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"Just Push Play" (Sony; 2001)

Reviewed by Snidermann

Thank God that Aerosmith's early catalog is still available because the band's latest release, "Just Push Play," is about as close to crap as I have come recently without actually stepping in it. 

"Just Push Play" is the same old, boring, uninspired and cliché bullshit that Aerosmith has released ever since their big "comeback." The first two songs on this CD are better then the rest, but they're gone in less than ten minutes and everything else is too poppy, too dull and Boring with a capital "B". And, unlike the Superbowl, they don't have Britney Spears running around in a torn t-shirt to take the edge off.

I have contended for years that Aerosmith's last good release was "Rocks" and "Just Push Play" is more evidence that I've been right. Instead of spending your hard-earned dollars on this CD, save your money for the band's upcoming live show - at least you'll get a healthy dose of the old music mixed in with this new crap. 

And has anybody else noticed that even the cover art for this CD looks recycled? Remember the old albums by Autograph? Looks like the same robot to me.

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"A Little South of Sanity" (Geffen; 1998)aerosmith.jpg (18584 bytes)

Reviewed by R. Scott Bolton

This double live CD from Aerosmith is everything a live rock'n'roll record is supposed to be: loud, raw, and bigger-than-life.

Disc 1 is a collection of the band's mostly newer stuff, including "Love In An Elevator," "Jamie's Got a Gun," and "Livin' on the Edge." The music is played with a party-like attitude and the sound is big and arena-like. You might as well have been there.

Disc 2 is some of the older, classic stuff. "Back in the Saddle" starts it all off and  the CD segues through "Last Child," "Dream On," "Mama Kin," "Walk This Way" and "Sweet Emotion" (with a few others thrown in here and there). Surprisingly, Disc 2 seems to have a little less energy than Disc 1 but is still a terrific collection of live Aerosmith performances.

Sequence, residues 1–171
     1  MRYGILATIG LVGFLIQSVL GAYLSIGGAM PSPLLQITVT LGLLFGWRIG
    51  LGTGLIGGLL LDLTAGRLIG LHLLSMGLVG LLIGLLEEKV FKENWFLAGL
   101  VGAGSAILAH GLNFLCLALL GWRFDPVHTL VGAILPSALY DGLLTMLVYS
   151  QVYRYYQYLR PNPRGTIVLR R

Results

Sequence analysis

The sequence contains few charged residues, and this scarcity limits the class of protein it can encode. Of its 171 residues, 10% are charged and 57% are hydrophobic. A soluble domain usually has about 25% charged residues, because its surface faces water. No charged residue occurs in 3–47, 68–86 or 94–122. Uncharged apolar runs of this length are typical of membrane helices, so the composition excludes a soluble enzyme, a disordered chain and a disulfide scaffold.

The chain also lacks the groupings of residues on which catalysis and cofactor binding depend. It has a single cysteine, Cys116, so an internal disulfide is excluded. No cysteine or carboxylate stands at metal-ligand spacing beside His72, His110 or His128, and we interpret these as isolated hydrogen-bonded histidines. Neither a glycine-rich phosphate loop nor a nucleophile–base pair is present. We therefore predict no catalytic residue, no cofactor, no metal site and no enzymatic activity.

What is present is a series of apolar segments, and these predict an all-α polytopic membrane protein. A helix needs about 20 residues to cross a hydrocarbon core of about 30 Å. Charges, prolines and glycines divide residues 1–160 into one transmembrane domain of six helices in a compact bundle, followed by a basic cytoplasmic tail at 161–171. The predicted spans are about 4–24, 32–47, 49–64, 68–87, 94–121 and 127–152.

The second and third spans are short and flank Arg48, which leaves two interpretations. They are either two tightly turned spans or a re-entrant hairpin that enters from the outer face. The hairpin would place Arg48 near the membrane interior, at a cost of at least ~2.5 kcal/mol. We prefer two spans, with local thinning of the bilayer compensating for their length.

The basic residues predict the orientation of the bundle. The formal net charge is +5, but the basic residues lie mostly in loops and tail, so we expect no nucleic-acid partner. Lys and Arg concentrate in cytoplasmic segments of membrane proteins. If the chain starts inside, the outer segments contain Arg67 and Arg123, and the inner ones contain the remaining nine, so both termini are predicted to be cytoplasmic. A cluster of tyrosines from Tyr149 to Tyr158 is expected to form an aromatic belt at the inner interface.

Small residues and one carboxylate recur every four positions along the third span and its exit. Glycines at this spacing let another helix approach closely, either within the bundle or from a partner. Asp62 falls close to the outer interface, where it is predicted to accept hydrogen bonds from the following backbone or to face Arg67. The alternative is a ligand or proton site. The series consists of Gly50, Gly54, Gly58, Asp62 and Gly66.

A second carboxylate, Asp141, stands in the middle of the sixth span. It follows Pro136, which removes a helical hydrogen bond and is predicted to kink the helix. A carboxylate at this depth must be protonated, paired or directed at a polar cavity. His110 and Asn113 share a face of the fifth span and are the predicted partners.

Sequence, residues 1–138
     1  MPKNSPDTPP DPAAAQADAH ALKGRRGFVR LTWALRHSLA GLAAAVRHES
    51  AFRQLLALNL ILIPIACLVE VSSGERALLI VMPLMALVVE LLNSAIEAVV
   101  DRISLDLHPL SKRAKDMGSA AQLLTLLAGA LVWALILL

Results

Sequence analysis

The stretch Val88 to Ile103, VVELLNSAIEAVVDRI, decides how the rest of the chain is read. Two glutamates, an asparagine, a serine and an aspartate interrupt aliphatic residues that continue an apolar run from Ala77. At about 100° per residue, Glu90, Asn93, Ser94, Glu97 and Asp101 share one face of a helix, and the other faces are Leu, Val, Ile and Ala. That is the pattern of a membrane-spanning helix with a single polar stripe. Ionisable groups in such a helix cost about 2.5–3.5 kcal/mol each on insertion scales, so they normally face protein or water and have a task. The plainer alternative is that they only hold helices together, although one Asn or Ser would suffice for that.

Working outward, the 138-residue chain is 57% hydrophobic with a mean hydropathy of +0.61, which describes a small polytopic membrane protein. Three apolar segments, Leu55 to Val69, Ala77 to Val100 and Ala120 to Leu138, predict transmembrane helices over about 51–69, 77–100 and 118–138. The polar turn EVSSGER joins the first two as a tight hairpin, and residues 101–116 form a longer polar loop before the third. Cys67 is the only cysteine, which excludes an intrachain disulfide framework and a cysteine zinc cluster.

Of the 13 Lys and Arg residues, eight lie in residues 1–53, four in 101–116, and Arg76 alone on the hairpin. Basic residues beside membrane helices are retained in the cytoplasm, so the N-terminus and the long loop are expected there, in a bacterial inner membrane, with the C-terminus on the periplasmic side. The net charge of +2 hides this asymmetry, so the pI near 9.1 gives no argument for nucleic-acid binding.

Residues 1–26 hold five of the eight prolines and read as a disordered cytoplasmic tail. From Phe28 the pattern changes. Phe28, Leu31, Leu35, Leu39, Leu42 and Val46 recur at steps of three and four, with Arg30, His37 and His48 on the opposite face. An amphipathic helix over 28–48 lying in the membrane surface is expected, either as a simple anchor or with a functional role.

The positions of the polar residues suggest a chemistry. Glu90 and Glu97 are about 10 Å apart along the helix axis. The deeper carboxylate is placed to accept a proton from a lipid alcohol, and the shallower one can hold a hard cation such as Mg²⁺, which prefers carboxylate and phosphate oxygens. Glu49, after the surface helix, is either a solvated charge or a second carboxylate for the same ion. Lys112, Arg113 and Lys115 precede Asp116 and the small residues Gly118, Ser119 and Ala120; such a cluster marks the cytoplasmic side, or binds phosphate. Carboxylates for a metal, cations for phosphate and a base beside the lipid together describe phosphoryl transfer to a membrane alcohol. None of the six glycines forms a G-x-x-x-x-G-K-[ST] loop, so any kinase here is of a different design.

As far as liner notes/packaging are concerned (and these are very important in a double-live collection), "A Little South of Sanity's" are just okay. The album cover looks more like the cover to the latest "Redneck Rampage" CD-ROM than a live rock'n'roll record and liner notes are non-existent. The cover booklet contains only a few black-and-white photos of the band and ads for their other CDs. Bo-ring. At least if you got the CD at Best Buy you got a free, full-color cloth patch with it.

"A Little South of Sanity" is a must for hardcore Aerosmith fans but more casual Aerosmith fans will enjoy it as well. It may not be the definitive live Aerosmith collection, but it's pretty damned good.

AEROSMITH is Steven Tyler, vocals, percussion and harmonica; Joe Perry, guitars, lap steel and vocals; Tom Hamilton, electric bass; Brad Whitford, guitars; Joey Kramer, drums. 

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"Toys in the Attic" (Sony; 1975)

Reviewed by Snidermann

"Toys In The Attic" was one of the releases that changed my life and made me really get into rock'n'roll music. The year was 1975, I was 12 and listening to Aerosmith, Alice Cooper and Kiss was cool. 

One of my earliest memories of music was listening to a vinyl copy of "Toys" over and over again, never getting enough, driving my parents nuts while I sang "Uncle Salty," "Big Ten Inch Record" and "Round and Round" over and over again.